We run through the fields and reach the Rohanne forest, it’s completely surrounded by gendarmes. There are over 500 on the Zone now, the area is totally shut down. We gather a small crowd and manage to break through a police line in the adjoining field, our hands raised in the air: “Only you are armed,” we chant. We burst into the forest. As we run we glimpse other bodies darting through the thick trees, dozens of figures all heading towards La Chât-teigne. We come across an affinity group huddled behind a tree covering their faces with chalky white anti tear gas lotion. “What’s happening?” I ask. “Its full on down there!” one of them replies “It’s war!” We keep going drawn by the crack of tear gas grenades.
The low winter sun’s ray’s bounce off the gendarmes shimmering shields. Hundreds of them ring the clearings. Bulldozers pulling hulking skips churn up the earth like entrails, trees have been flattened and the air is thick with tear gas. What was once a new rebel hamlet filled with life and creativity has become a battle zone. The collective kitchen is now a stockpile of wooden ammunition cases filled with tear gas grenades waiting to be shot at us and the meeting room has become the gendarmes temporary HQ.
Some people stand and talk to the police lines trying to reason with them, others try to approach the cabins from every angle charging out of the forest screeching. Sticks, distress flares and stones fly through the air, rubber bullets bounce off the tree trunks. “Put her in your sites” an officer in front of us commands his gun wielding colleague, “ that will get her to leave.” Isa freezes in fear. We turn around and take cover behind a coppiced chestnut tree. I’m beginning to be able to recognise the difference between the smoke trail arc of a teargas canister and a concussion grenade. “Put your fingers in your ears!” I scream, as one lands next to our feet and explodes in a deafening din. No wonder the birdsong has gone from the grove.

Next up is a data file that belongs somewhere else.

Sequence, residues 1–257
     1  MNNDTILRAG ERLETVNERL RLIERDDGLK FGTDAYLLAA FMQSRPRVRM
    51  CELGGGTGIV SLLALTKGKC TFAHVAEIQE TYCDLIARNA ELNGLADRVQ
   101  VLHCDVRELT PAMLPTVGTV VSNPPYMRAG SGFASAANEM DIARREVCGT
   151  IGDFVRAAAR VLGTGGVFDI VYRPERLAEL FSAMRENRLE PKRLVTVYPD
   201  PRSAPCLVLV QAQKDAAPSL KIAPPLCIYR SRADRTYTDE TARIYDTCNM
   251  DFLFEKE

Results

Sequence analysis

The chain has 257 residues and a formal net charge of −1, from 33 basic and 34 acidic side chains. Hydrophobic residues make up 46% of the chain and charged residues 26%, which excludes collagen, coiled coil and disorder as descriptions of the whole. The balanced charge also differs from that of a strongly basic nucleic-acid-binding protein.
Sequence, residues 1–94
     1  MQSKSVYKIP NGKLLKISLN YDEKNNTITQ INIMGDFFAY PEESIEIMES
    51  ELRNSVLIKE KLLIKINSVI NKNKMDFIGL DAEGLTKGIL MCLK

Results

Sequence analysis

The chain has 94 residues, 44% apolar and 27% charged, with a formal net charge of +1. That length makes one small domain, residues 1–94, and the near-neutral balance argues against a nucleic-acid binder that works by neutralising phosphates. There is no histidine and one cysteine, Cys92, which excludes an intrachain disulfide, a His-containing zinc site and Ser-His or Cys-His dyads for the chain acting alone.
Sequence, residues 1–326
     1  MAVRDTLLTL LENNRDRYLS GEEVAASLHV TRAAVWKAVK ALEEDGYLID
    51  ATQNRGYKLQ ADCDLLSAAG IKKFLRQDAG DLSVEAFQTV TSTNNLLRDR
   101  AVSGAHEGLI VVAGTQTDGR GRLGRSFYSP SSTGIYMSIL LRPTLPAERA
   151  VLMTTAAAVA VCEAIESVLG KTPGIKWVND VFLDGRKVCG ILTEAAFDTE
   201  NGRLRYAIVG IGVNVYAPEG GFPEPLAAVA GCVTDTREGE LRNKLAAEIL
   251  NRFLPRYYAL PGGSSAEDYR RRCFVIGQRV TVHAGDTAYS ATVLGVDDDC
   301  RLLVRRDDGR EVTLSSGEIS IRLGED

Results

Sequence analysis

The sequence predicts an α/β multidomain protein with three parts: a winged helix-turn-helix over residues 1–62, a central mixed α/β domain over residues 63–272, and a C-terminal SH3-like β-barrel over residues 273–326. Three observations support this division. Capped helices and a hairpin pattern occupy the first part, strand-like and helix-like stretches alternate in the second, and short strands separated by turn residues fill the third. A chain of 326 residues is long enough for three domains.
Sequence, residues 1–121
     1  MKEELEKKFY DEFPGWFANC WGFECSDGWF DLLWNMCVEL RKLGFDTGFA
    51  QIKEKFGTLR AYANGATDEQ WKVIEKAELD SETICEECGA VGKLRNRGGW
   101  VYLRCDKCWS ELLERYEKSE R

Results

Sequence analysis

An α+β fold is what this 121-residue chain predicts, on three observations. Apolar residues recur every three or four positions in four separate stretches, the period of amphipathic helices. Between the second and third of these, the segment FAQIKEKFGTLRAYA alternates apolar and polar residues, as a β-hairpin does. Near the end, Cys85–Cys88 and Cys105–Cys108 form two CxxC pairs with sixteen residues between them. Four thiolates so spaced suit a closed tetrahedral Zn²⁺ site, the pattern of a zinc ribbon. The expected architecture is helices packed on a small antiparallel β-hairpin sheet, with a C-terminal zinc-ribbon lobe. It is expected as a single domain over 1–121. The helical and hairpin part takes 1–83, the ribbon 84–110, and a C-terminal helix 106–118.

Ishmel runs up to us. “Apparently the operation is being run by the minister of interior himself ! They have announced that they are confiscating all the tools and building materials. Bu doesn’t look like they are going to flatten it today!” he says, as yet another concussion grenade ruptures the forest air. We tune back into Radio Klaxon, the minister of interior Valls has just told the press that the operation was to “stop a cyst from growing,” that he could not “let a base camp be installed, whose sole role was to lead violent actions”. Within seconds of his statement, twitter is alive with word plays, our favourite being “Valls – cyst my ass!” More and more people are arriving on the Zone, there must be well over 1000 resisting.
In the Rohanne forest hundreds use their bodies to block the bulldozers and specialised police climbing team from tearing down the new cabin and tree houses. It’s clear that the authorities would not be able to move the crowd without resorting to violence. When faced with civil disobedience tactics it seems they are less trigger happy especially with the media presence and shift in public opinion.
Evening falls, the gendarmes have stood around the immobile machinery all day and don’t want to be in the forest after dark. Their retreat is followed by a torrent of airborne mud and the cry: “We live here and we will stay here!” As we chase them out of the woods Lucille tells me about a new technique. If you aim the mud at the top of the knees, the ooze slides down between the leg and the body armour and means that the riot cop can’t bend his knees anymore. With a bit of luck he soon topples over like a playmobil character!